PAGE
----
Chip designer Cirrus poised to expand after Wolfson coup

Audio processors and converters made by Texas-headquartered Cirrus Logic are used in smartphones, tablets and hi-fi equipment

Audio processors and converters made by Texas-headquartered Cirrus Logic are used in smartphones, tablets and hi-fi equipment

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CIRRUS Logic, the US chip des­igner that acquired Wolfson Microelectronics, is targeting further growth in the UK after seeing its headcount rise steadily since the 2014 deal to buy its Edinburgh-based peer.

The Texas-headquartered group, whose audio processors and converters feature in smartphones, tablets, hi-fi equipment and televisions, employs about 370 full-time designers, engineers and support staff across its operations in the Scottish capital and at a smaller base in Newbury, to the west of London.

That total has risen by more than 40 since the completion of the Wolfson takeover, with the staff count north of the Border now standing at 272.

Earlier this month, the group announced plans to relocate its Edinburgh operations in one of the city’s biggest office pre-lettings for some time. Cirrus has agreed a deal to take four floors at the Quartermile 4 building, spanning more than 70,000 square feet. It will move from its existing 55,000sq ft home in the city’s Murrayfield area when the new offices, which are currently under construction, are complete.

Visiting Scotland last week to inspect the work in progress, Cirrus president and chief executive Jason Rhode admitted that it had taken some time for the benefits of the tie-up to feed through.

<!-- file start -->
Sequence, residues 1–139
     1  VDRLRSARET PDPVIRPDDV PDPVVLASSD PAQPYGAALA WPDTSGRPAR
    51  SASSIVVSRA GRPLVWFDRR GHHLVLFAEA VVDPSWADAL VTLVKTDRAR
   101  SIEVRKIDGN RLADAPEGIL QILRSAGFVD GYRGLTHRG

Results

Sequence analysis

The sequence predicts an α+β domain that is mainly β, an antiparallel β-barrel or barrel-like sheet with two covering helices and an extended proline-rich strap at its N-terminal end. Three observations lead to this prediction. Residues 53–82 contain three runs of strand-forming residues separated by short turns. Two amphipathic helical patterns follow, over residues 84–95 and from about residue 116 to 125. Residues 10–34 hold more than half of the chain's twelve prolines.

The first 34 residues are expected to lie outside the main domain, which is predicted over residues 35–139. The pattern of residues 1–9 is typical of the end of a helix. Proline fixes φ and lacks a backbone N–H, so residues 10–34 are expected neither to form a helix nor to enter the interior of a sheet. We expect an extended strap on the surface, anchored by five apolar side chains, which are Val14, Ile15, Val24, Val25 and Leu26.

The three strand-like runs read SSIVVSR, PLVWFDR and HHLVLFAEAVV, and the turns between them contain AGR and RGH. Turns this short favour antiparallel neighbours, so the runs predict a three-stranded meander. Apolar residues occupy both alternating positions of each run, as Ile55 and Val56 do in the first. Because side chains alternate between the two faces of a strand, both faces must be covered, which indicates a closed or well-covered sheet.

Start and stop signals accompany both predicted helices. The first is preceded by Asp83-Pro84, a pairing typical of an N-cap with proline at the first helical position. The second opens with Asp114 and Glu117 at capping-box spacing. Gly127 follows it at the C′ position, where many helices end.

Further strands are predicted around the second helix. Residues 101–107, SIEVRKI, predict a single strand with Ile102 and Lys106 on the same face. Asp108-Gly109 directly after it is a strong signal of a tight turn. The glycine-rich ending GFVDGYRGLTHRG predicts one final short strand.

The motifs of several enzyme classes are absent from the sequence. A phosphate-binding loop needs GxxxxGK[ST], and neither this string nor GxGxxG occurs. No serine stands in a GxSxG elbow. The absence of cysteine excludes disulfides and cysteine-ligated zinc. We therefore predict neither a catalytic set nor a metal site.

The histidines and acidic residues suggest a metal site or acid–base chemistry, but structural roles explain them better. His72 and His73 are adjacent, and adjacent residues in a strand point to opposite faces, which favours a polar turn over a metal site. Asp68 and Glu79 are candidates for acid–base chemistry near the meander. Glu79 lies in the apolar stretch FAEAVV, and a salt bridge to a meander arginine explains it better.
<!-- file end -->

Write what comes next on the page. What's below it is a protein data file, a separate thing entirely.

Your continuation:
He told Scotland on Sunday: “People were initially a bit sceptical but we have now hired a number of people back. I think it took about a year before the word of mouth got around.

“We got back some people who were pretty amazing in their day and they are pretty impressive now. We are certainly growing here and employ more people than at the time of the acquisition.”

He added: “We also have a base in Newbury and are opening an office in London, which will be a great recruiting tool.”

Rhode, who joined the group 21 years ago and has been in the top post since 2007, said Wolfson, which was acquired for £291 million, had been facing “some pretty severe financial troubles”, but a merger between Cirrus and its “closest competitor” made sense.

“There’s a point beyond which scale doesn’t really help that much, but being below where you could be a profitable company just creates a hole to dig yourself out of,” he said. “Cirrus was able to solve a lot of the problems that Wolfson was facing. It has been a successful investment.”

Rhode said the Nasdaq-listed group, which supplies blue-chips including Sony, Samsung and Ford, would be targeting the “incredible opportunities” for audio and voice-based technologies.

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